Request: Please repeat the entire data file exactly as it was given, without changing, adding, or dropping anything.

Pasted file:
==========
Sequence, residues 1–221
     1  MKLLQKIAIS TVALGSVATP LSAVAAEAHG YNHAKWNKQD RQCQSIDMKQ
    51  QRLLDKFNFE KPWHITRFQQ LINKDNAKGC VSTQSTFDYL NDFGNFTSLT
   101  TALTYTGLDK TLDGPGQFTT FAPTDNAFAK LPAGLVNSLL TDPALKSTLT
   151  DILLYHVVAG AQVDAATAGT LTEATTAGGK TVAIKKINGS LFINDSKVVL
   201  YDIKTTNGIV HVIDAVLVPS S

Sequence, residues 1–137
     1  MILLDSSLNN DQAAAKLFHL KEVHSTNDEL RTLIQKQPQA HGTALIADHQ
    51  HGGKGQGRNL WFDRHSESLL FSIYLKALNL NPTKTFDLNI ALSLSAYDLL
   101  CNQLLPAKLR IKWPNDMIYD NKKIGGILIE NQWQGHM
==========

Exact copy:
Sequence, residues 1–221
     1  MKLLQKIAIS TVALGSVATP LSAVAAEAHG YNHAKWNKQD RQCQSIDMKQ
    51  QRLLDKFNFE KPWHITRFQQ LINKDNAKGC VSTQSTFDYL NDFGNFTSLT
   101  TALTYTGLDK TLDGPGQFTT FAPTDNAFAK LPAGLVNSLL TDPALKSTLT
   151  DILLYHVVAG AQVDAATAGT LTEATTAGGK TVAIKKINGS LFINDSKVVL
   201  YDIKTTNGIV HVIDAVLVPS S

Sequence, residues 1–137
     1  MILLDSSLNN DQAAAKLFHL KEVHSTNDEL RTLIQKQPQA HGTALIADHQ
    51  HGGKGQGRNL WFDRHSESLL FSIYLKALNL NPTKTFDLNI ALSLSAYDLL
   101  CNQLLPAKLR IKWPNDMIYD NKKIGGILIE NQWQGHM